Compare any two graphics cards:
Radeon HD 5850 vs Radeon HD 5870
IntroThe Radeon HD 5850 comes with a clock speed of 725 MHz and a GDDR5 memory frequency of 1000 MHz. It also features a 256-bit bus, and uses a 40 nm design. It features 1440(288x5) SPUs, 72 Texture Address Units, and 32 ROPs.
Compare all that to the Radeon HD 5870, which makes use of a 40 nm design. AMD has set the core speed at 850 MHz. The GDDR5 RAM is set to run at a frequency of 1200 MHz on this specific card. It features 1600(320x5) SPUs along with 80 Texture Address Units and 32 Rasterization Operator Units.
Battlefield Bad Company 2
Mass Effect 2
Supreme Commander 2
Tom Clancy's Endwar
Radeon HD 5870 wins
(Based entirely on the benchmarks listed above)
When combining all game benchmark scores on this page together, the Radeon HD 5870 wins overall, by 266 FPS. Please note that we do not have the results of every benchmark ever done for these cards, so the results may differ wildly in different games.
Power Usage and Theoretical Benchmarks
Power Consumption (Max TDP)
As far as performance goes, the Radeon HD 5870 should in theory be just a bit superior to the Radeon HD 5850 in general. (explain)
Texel RateThe Radeon HD 5870 is quite a bit (approximately 30%) more effective at anisotropic filtering than the Radeon HD 5850. (explain)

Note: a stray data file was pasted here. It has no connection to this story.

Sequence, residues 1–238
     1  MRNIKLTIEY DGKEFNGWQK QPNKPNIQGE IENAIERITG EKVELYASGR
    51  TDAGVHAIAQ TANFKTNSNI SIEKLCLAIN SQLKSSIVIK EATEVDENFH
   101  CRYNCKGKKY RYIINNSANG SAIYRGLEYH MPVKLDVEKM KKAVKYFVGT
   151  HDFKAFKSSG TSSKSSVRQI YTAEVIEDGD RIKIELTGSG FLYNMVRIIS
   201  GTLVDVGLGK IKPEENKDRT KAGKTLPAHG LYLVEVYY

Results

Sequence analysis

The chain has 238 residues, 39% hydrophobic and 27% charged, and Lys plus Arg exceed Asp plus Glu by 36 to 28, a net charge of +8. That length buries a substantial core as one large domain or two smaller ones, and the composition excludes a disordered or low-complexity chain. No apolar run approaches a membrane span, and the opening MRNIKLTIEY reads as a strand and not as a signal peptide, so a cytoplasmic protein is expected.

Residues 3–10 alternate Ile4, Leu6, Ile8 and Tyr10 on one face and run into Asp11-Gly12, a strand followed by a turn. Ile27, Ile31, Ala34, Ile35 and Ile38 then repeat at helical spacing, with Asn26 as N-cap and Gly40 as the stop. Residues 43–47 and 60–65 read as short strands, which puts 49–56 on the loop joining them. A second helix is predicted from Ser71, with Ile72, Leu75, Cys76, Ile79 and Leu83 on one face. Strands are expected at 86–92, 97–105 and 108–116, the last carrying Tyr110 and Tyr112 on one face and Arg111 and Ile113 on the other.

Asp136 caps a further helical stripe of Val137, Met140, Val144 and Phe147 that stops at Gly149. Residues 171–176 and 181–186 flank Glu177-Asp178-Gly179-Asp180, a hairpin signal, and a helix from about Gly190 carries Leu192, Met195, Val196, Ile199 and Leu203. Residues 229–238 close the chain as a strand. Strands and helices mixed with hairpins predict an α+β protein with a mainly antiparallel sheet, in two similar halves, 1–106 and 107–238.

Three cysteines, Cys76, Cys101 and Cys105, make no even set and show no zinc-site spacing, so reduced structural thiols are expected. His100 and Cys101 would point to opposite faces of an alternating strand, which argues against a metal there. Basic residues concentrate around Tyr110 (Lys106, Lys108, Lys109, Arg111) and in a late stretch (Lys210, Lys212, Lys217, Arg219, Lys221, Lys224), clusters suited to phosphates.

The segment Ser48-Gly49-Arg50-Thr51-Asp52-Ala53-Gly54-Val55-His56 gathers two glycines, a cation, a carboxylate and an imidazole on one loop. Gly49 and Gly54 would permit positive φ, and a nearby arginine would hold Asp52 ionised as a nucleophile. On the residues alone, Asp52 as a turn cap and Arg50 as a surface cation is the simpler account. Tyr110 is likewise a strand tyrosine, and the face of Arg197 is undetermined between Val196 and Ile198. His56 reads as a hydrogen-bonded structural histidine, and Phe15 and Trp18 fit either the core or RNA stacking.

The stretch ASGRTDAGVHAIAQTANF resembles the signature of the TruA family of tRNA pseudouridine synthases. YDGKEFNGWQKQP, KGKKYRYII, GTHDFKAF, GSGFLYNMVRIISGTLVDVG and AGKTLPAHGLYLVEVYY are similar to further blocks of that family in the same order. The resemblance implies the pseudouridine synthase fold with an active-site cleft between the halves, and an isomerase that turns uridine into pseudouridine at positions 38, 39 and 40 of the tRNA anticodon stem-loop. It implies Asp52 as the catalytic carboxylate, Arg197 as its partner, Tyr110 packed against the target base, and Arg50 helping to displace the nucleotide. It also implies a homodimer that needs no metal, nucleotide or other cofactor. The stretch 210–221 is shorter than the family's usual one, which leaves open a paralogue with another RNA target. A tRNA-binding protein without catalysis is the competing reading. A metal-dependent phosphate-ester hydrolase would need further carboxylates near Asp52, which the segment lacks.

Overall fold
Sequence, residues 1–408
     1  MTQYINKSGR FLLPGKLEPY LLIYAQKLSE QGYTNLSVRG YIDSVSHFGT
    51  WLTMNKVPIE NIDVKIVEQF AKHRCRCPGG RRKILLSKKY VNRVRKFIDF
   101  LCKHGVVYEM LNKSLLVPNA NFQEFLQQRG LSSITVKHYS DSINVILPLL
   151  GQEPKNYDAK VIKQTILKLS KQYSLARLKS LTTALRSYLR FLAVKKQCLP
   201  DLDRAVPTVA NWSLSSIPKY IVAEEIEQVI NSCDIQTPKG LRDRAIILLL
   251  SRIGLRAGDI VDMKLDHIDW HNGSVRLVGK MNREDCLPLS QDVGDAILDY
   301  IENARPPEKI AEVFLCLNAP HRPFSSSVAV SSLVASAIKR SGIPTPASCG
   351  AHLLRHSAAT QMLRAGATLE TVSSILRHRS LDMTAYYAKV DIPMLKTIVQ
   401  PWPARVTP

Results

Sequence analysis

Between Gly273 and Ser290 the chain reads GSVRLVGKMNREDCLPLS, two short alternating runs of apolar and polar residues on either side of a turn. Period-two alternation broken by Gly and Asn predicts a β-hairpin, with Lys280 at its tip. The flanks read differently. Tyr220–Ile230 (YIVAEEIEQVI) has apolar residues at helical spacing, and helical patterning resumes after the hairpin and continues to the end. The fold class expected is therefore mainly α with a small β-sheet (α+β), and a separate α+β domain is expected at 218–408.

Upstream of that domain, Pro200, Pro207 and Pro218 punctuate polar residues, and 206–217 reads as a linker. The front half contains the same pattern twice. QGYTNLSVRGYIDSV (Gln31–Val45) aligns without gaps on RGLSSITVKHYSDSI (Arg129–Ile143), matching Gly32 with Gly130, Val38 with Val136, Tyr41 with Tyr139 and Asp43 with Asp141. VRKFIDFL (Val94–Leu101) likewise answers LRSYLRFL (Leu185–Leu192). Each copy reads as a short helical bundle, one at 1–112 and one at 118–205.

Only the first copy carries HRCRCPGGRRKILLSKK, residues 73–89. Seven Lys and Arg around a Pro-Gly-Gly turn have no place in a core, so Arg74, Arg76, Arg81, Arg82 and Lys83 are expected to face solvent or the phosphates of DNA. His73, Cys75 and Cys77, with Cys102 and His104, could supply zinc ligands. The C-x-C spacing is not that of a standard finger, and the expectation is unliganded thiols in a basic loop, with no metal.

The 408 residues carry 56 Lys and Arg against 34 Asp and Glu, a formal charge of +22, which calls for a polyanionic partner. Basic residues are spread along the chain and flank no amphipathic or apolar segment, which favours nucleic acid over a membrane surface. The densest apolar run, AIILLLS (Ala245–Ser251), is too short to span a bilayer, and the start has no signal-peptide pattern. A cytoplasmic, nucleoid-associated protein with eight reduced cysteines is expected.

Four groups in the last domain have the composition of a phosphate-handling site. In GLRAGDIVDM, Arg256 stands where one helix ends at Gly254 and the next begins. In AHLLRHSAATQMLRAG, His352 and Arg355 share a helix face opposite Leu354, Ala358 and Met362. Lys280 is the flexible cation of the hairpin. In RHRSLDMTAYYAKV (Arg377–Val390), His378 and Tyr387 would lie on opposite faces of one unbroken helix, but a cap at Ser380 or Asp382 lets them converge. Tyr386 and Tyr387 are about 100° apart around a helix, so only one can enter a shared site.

Pixel RateIf using a high resolution is important to you, then the Radeon HD 5870 is a better choice, though only just barely. (explain)
Please note that the above 'benchmarks' are all just theoretical - the results were calculated based on the card's specifications, and real-world performance may (and probably will) vary at least a bit.
Please note that the price comparisons are based on search keywords - sometimes it might show cards with very similar names that are not exactly the same as the one chosen in the comparison. We do try to filter out the wrong results as best we can, though.
Memory Bandwidth: Memory bandwidth is the max amount of data (measured in MB per second) that can be transported past the external memory interface within a second. The number is calculated by multiplying the bus width by the speed of its memory. If it uses DDR type RAM, the result should be multiplied by 2 once again. If it uses DDR5, multiply by ANOTHER 2x. The better the card's memory bandwidth, the faster the card will be in general. It especially helps with AA, High Dynamic Range and high resolutions.
Texel Rate: Texel rate is the maximum texture map elements (texels) that can be processed per second. This figure is worked out by multiplying the total amount of texture units by the core speed of the chip. The better this number, the better the video card will be at texture filtering (anisotropic filtering - AF). It is measured in millions of texels applied in a second.
Pixel Rate: Pixel rate is the most pixels the video card could possibly write to its local memory in one second - measured in millions of pixels per second. Pixel rate is worked out by multiplying the amount of Render Output Units by the the core speed of the card. ROPs (Raster Operations Pipelines - sometimes also referred to as Render Output Units) are responsible for outputting the pixels (image) to the screen. The actual pixel output rate is also dependant on many other factors, especially the memory bandwidth of the card - the lower the bandwidth is, the lower the potential to get to the max fill rate.